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This is a question Bullshit and Bullshitters

We've had questions about lies and liars in the past, but this time we're asking about the sort of fantasist who constantly claims they've got a helicopter in the garden or was "second onto the balcony at the Iranian Embassy siege". Tell us about the cobblers you've been told, or the complete lies you've come out with.

Thanks to dozer for the suggestion

(, Thu 13 Jan 2011, 12:55)
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Regarding creationism and religion etc - A thought experiment
A creator does not necessarily have to be supernatural. For instance, the matrix theory of creation.

Currently, artificial intelligence is quite good, and will get better and better as computer models are developed with greater parameters combined with computing power. At some point in the future, AI will reach the point where it is practically indistinguishable from human consciousness.

It can be given that when this happens, and when computing power allows, scientists will create a model of the Earth with billions of examples of human AI going about, working, playing, shagging, fighting wars, getting pissed and photoshopping pretend movie posters for a weekly challenge on a website somewhere. All simulated in a massive computer model of the human existence.

We could be in such a simulation right now. In fact, someone might have typed 'Run' and pressed Enter not 5 minutes ago.

Our perceived intelligence and sense of being may well just be a simplified model of what is actually real running on a computer in a lab somewhere, coded by a group of engineers no more supernatural than Fiona Bruce (corr!).

This theory is no more (dis)provable than the existence of 'God'


(goes puts the kettle on and opens the malted milks)
(, Tue 18 Jan 2011, 19:13, 37 replies)
Anyone that understands computability and doesn't believe in a supernatural has a very hard time arguing that this is the real universe.
(, Tue 18 Jan 2011, 19:19, closed)
It always starts with
10 REM ** Big Earth Simulation **
20 REM ** by **
30 REM ** SLVA **
40 DIM person (6800000000,10)
50 LET person(1) = person(man,chinese,28,bus-driver,married,dullatparties)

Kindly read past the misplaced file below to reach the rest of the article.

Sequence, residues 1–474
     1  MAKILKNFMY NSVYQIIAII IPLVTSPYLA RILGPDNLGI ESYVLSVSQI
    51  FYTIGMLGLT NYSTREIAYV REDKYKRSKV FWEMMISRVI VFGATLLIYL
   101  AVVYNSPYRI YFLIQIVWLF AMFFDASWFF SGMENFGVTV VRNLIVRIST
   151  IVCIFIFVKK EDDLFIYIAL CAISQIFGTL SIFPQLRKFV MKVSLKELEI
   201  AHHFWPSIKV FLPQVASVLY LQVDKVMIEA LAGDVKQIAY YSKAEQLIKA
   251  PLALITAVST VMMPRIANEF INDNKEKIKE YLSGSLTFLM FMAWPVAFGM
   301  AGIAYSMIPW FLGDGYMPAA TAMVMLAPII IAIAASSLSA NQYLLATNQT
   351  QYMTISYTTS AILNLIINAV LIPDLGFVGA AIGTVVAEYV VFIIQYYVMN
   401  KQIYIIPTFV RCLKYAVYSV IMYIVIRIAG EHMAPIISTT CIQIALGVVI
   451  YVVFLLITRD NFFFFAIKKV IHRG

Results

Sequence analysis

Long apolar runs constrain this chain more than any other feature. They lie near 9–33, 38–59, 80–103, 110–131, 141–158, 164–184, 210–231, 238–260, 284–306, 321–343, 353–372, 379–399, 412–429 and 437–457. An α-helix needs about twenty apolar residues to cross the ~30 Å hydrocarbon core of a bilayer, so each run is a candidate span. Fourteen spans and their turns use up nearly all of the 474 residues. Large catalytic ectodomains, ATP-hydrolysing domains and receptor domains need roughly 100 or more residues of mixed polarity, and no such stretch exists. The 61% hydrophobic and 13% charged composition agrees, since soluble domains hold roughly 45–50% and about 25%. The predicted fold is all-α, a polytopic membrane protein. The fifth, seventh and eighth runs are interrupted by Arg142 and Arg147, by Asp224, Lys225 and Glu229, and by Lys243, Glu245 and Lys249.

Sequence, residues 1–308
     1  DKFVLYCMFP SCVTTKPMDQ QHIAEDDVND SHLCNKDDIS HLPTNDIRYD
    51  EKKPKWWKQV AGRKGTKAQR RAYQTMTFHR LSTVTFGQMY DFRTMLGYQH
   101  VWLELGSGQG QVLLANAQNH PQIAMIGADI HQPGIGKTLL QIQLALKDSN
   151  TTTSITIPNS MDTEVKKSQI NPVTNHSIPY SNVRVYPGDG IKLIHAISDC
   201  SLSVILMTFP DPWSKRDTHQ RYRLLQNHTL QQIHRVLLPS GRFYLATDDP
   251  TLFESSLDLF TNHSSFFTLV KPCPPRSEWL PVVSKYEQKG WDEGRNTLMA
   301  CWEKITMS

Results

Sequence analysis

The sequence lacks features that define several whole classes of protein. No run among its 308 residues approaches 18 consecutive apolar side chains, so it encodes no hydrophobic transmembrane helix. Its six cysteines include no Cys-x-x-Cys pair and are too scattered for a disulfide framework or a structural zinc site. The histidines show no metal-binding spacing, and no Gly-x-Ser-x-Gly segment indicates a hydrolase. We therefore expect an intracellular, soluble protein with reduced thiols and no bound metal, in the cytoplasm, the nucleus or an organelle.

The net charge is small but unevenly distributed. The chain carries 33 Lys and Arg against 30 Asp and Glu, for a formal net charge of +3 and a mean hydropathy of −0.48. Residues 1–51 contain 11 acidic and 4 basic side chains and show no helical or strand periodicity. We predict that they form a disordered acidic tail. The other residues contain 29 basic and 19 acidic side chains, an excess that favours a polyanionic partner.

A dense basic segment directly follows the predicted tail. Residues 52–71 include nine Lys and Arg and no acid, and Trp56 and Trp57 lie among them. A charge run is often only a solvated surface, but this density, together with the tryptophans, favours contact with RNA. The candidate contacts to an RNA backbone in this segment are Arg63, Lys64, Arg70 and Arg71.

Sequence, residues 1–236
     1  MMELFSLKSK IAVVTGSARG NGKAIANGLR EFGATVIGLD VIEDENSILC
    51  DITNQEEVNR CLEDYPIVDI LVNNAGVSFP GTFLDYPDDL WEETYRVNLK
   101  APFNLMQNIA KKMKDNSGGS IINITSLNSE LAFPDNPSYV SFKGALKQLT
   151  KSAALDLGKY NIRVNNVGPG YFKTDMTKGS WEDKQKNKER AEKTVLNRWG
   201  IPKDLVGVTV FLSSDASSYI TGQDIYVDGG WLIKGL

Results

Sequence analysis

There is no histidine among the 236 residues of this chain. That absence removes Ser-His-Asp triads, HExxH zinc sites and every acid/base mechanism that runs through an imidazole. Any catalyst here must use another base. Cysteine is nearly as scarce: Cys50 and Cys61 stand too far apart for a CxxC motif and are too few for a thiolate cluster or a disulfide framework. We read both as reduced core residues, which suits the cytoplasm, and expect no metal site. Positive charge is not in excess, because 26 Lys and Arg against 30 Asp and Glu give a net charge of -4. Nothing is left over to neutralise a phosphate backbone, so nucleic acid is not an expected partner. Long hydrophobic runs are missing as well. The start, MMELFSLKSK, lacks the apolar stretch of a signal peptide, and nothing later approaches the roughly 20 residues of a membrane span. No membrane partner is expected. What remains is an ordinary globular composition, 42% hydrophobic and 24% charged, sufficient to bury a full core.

etc etc, you get the idea
(, Tue 18 Jan 2011, 19:27, closed)
Oh, come on
completely implausible.

Any advanced creator would at least use OO
(, Tue 18 Jan 2011, 19:54, closed)
You'd want something streamlined and not clunky
In fact, I was going to suggest Assembly, but I don't know any.
(, Tue 18 Jan 2011, 22:29, closed)
I do know assembly and I still use a high level language for the major AI.

Quark gluon interactions, though, yeah straight down to the metal.
(, Wed 19 Jan 2011, 14:26, closed)

they also have a hard time arguing that it isn't... You can only say 'it's possible/conceivable etc'. A creationist can say the same, albeit we consider their ideas unlikely. And of course, we'd still like to know where the computers that created the simulation came from.
(, Tue 18 Jan 2011, 19:30, closed)
Well, no
Once you accept that simulating an indistinguishable subset of the universe is a computable task and that a huge amount of accidental computation happens within the universe the numbers start to look convincing.
(, Tue 18 Jan 2011, 19:45, closed)

starts to look convincing...yes - which is my point.

dont get me wrong - i agree with what you and slva are saying in principle, but i'm adding that you cant overstate your case
(, Tue 18 Jan 2011, 19:58, closed)
This is my point.
Although the idea of a 'God' is constantly being nibbled away at by scientific discoveries, it still remains to be ultimately (dis)proved either way by its very nature.

I suspect the computer parts were bought from ebuyer, except for the graphics card, that was from Overclock.co.uk
(, Tue 18 Jan 2011, 19:52, closed)

yes, as someone famous one said, the great philosophical questions remain because they are unanswerable.
(, Tue 18 Jan 2011, 19:59, closed)
...I wish i'd taken the blue pill now.
(, Tue 18 Jan 2011, 19:58, closed)
given that we can't tell if we are in a simulation
then we should act as if we aren't

that's what I don't understand about The Matrix films. The people in the Matrix cannot really tell that they aren't living normally, so why should they care if they are being used as a big battery?

I'd rather stay in a simulation than live on gruel and be chased by evil robots.
(, Tue 18 Jan 2011, 20:03, closed)
this is true
who cares? However, I reckon if we could get everybody on Earth involved in one huge flashmob, I reckon we could crash the system.
(, Tue 18 Jan 2011, 22:35, closed)

mob wank
crash drown
(, Wed 19 Jan 2011, 11:20, closed)
You had me at being controlled by Fiona Bruce.
I used to fantasise about committing some heinous crimes purely so La Bruce would talk about me in a disgusted tone of voice on Crimewatch.

Then they handed the reins to Kirsty Young.

(, Tue 18 Jan 2011, 20:55, closed)
He had me at